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Intraocular Foreign Bodies

By Kathryn Colby, MD, PhD

Foreign bodies inside of the eye are rare. They occur when a foreign object penetrates the eye. A serious infection can develop.

Causes

Explosions can cause intraocular foreign bodies. So can anything with a metal-on-metal mechanism. Explosions and certain tool mechanisms often cause small particles to fly in a person’s face. For example, using high-speed machines (such as drills and saws) or hammering a nail or other metal object with a hammer can produce white-hot particles of metal that resemble sparks. Any of these white-hot particles can enter the unprotected eye and become embedded deep within it.

Foreign bodies that penetrate the inside of the eye can infect the inside of the eye ( endophthalmitis).

Symptoms

During the first hours after injury, symptoms of intraocular foreign bodies may be similar to those of corneal abrasions and foreign bodies. However, people with intraocular foreign bodies may also have a noticeable loss of vision. Fluid may leak from the eye, but if the foreign body is small, the leak may be so small that the person is not aware of it. Also, pain may increase after the first several hours.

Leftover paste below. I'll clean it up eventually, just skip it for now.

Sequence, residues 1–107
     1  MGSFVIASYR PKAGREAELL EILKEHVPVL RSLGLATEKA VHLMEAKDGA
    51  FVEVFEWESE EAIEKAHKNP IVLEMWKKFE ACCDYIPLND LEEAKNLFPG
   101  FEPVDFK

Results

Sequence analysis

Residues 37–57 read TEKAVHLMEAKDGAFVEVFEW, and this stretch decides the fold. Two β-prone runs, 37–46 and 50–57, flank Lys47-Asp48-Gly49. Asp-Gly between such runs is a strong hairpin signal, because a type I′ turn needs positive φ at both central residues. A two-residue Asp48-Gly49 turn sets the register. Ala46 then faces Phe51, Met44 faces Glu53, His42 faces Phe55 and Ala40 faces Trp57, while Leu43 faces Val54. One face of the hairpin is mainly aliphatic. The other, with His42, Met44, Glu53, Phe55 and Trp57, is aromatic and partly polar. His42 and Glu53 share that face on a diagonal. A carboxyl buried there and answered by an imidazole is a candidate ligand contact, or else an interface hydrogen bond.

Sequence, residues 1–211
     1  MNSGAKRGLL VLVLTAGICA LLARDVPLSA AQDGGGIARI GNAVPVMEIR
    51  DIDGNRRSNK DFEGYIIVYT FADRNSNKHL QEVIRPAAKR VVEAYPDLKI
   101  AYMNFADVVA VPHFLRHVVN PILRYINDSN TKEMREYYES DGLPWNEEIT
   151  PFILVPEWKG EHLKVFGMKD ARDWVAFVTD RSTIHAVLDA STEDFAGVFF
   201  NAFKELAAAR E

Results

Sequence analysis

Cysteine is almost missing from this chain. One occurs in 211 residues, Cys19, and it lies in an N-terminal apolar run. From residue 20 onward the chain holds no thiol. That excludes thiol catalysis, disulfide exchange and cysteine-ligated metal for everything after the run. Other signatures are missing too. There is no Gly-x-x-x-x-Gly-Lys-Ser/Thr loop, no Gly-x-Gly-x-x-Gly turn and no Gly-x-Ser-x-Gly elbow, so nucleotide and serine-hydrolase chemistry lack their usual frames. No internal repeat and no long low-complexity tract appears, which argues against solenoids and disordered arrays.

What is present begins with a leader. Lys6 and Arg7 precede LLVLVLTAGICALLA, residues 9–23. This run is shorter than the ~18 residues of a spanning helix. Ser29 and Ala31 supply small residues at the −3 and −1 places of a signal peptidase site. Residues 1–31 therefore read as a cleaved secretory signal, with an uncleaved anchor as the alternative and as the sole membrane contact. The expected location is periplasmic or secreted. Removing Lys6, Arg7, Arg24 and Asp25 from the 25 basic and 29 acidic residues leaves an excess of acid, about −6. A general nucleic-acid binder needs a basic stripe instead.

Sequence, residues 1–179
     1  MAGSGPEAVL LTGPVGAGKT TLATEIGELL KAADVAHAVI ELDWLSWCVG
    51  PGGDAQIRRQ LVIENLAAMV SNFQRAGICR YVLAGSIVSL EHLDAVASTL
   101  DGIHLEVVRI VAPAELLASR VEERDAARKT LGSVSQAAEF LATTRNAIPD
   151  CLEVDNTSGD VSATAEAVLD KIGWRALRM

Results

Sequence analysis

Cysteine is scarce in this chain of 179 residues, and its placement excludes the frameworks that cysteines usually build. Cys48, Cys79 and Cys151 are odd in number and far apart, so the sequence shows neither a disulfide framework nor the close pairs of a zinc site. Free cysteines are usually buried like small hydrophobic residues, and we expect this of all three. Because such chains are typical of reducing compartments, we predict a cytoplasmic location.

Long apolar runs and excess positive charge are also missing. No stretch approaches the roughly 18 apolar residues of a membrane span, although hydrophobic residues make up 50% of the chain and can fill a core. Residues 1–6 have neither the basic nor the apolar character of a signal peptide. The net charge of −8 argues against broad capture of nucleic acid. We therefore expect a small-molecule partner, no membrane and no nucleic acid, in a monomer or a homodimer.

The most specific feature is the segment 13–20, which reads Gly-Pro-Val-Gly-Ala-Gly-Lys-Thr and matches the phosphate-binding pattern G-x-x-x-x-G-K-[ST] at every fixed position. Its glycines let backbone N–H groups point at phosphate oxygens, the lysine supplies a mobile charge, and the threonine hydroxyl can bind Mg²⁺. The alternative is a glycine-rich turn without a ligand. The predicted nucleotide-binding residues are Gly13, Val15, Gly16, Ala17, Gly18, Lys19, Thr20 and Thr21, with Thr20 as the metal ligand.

Diagnosis

  • A ophthalmologist's evaluation

When a foreign object has penetrated the eye, an ophthalmologist (a medical doctor who specializes in the evaluation and treatment—surgical and nonsurgical—of eye disorders) should examine the person as soon as possible. The eye is examined as for corneal abrasions and foreign bodies by using eye drops that contain a dye that glows under special lighting (fluorescein) and a slit lamp. The dye and slit lamp make visible any small leaks of fluid from the eye and puncture marks.

Any foreign bodies outside of the eyeball are removed. If an intraocular foreign body is suspected after the examination, an imaging study such as computed tomography (CT) is done.

Prevention

People with certain occupations or hobbies, particularly those that use grinders, drills, saws, or hammers, should wear protective eyewear (such as face shields, safety glasses, or goggles) to help prevent intraocular foreign bodies and other eye injuries.

Treatment

  • Antibiotics given by vein

  • Removal of the foreign object, usually with surgery

Antibiotics such as ceftazidime and vancomycin are given by vein.

If necessary, vomiting can be controlled with drugs that treat nausea.

A protective shield (such as a commercially prepared shield or the bottom part of a paper cup) is taped over the eye to avoid unintentional pressure that could further damage the eye.

An ophthalmologist should remove the foreign body as soon as possible. Prompt removal reduces the risk of infection. Usually a surgical procedure is needed to remove the foreign body.

Drugs Mentioned In This Article

  • Generic Name
    Select Brand Names
  • VANCOCIN
  • FORTAZ, TAZICEF

* This is the Consumer Version. *